Tazza: The High Rollers

Foreign Objects - Large

An elaborate theft involving high flying acrobatics, gadgetry and a con job opens writer/director Choi Dong-hoon‘s latest action/comedy, The Thieves, and it sets a perfect tone for the next hour. Close calls and comedic scrapes trade time with insult-filled bickering amidst the group of thieves always looking out for their next score, but when the tight-knit Korean gang joins forces with a Chinese team for an enormous theft the banter takes on a far more dangerous edge. Macau Park (Kim Yun-seok) is the connective tissue bringing the two groups together with the goal of liberating a $30 million diamond called the Tear of the Sun away from its current owner. Each side, and each individual thief, brings a necessary element to the job, but they also bring an unavoidable uncertainty as to their loyalties. The predicament is reminiscent of the tale of the frog and the scorpion trying to cross a river… except in the world of thieves everyone is a scorpion.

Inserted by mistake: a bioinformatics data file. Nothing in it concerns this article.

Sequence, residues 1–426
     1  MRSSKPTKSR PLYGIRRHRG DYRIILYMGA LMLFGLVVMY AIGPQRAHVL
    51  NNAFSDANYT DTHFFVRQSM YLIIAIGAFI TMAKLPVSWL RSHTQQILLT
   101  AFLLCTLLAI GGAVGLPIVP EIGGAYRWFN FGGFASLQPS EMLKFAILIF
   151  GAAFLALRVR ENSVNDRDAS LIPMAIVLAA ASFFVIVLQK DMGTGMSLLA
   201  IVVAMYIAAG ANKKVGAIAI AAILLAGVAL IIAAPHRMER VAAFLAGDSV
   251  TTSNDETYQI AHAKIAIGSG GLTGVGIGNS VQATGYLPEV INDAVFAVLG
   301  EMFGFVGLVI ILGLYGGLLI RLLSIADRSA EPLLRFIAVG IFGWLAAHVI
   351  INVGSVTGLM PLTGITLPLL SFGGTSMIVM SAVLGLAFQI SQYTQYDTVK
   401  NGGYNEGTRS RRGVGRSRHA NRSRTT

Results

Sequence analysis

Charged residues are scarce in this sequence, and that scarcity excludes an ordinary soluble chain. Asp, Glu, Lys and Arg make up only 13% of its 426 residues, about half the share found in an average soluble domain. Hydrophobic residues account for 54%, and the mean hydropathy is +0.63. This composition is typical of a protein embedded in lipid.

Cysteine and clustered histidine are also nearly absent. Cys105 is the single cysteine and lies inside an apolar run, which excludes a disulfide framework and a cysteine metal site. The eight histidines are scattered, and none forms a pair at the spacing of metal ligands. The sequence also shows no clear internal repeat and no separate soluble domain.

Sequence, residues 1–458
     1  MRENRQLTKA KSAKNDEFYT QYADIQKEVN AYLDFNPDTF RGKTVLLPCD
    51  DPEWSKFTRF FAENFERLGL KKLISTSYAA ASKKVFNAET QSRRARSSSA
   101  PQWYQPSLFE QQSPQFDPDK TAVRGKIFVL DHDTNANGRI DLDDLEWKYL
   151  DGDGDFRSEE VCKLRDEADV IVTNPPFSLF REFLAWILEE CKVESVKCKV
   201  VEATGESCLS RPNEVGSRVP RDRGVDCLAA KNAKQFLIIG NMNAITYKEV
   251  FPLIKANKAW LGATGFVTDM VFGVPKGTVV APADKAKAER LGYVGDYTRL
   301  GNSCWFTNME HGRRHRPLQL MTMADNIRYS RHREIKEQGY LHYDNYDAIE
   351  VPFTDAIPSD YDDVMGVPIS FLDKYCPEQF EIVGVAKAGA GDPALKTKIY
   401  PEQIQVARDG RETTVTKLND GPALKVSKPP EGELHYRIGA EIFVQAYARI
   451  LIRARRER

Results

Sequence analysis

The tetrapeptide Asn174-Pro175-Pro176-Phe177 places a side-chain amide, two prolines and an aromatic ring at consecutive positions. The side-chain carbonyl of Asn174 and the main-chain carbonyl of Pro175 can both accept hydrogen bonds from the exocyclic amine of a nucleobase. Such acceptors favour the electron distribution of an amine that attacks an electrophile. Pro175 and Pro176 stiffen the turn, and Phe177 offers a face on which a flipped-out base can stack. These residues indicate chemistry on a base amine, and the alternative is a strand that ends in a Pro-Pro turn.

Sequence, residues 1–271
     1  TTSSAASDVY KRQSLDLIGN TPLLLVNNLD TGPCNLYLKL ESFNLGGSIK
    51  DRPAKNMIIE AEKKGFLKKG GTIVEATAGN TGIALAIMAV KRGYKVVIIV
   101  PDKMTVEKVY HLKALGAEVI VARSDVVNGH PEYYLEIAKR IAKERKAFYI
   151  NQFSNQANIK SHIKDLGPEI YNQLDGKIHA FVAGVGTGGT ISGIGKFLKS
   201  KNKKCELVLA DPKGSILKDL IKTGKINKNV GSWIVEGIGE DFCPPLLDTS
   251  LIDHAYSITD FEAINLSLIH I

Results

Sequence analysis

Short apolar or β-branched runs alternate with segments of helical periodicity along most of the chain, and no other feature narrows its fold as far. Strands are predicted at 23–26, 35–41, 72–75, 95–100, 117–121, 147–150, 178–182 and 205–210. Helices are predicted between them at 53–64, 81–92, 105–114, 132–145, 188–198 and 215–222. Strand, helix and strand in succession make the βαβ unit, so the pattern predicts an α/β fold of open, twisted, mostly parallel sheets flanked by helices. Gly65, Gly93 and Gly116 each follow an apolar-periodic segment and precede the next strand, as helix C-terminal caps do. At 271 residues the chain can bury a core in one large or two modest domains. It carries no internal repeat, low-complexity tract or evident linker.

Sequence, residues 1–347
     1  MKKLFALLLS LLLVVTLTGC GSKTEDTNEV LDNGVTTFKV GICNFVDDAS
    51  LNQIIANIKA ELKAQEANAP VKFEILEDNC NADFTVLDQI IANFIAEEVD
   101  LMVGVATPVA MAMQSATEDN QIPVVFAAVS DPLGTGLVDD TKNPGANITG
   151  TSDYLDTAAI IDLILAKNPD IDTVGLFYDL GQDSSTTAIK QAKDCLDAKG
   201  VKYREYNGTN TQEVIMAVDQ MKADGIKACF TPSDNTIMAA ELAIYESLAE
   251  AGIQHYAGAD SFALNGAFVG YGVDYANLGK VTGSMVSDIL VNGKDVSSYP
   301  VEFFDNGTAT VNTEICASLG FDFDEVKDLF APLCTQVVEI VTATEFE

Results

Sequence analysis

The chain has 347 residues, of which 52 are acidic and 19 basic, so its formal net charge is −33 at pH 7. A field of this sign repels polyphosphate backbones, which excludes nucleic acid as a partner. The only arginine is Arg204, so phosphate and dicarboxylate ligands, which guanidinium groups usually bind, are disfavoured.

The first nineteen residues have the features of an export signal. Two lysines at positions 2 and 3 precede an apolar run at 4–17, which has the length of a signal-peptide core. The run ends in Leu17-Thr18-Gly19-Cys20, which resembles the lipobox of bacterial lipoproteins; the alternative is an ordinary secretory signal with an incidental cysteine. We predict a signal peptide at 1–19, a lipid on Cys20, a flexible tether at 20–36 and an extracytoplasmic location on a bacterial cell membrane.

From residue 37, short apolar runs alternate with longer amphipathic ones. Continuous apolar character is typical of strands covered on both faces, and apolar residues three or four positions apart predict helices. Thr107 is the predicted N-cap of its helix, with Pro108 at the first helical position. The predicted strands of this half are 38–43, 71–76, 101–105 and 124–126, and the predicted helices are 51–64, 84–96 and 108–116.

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Welcome back to This Week In Discs! I hope you’ve been saving your pennies because there are tons of fantastic releases worth buying today. All three (or so) Indiana Jones movies finally make their Blu-ray debut, genre fans get one of the year’s best horror films (The Cabin In the Woods) as well as Scream Factory’s stellar Blus of two Halloween classics, David Fincher fanatics will rejoice at Criterion’s release of The Game and my favorite film from 2011 hits DVD as my Pick of the Week. As always, if you see something you like, click on the image to buy it. Oslo August 31st Anders (Anders Danielsen Lie) is out on leave from drug rehab for the purpose of a job interview, but it’s a job he knows he’ll never hold. Instead he visits an old friend, touches base with his family, searches for an old flame and fights the urge to kill himself. This Norwegian drama finds both heartache and vitality in its story and in its lead character, and Danielsen Lie makes it all so palpable and affecting. That said, there’s also an undeniable desire for life here that struggles against his depression with desperate intensity. Make no mistake, Anders is sadness incarnate, but he’s also a man at a crossroads with a decision before him that you can’t turn away from. Check out my full review.

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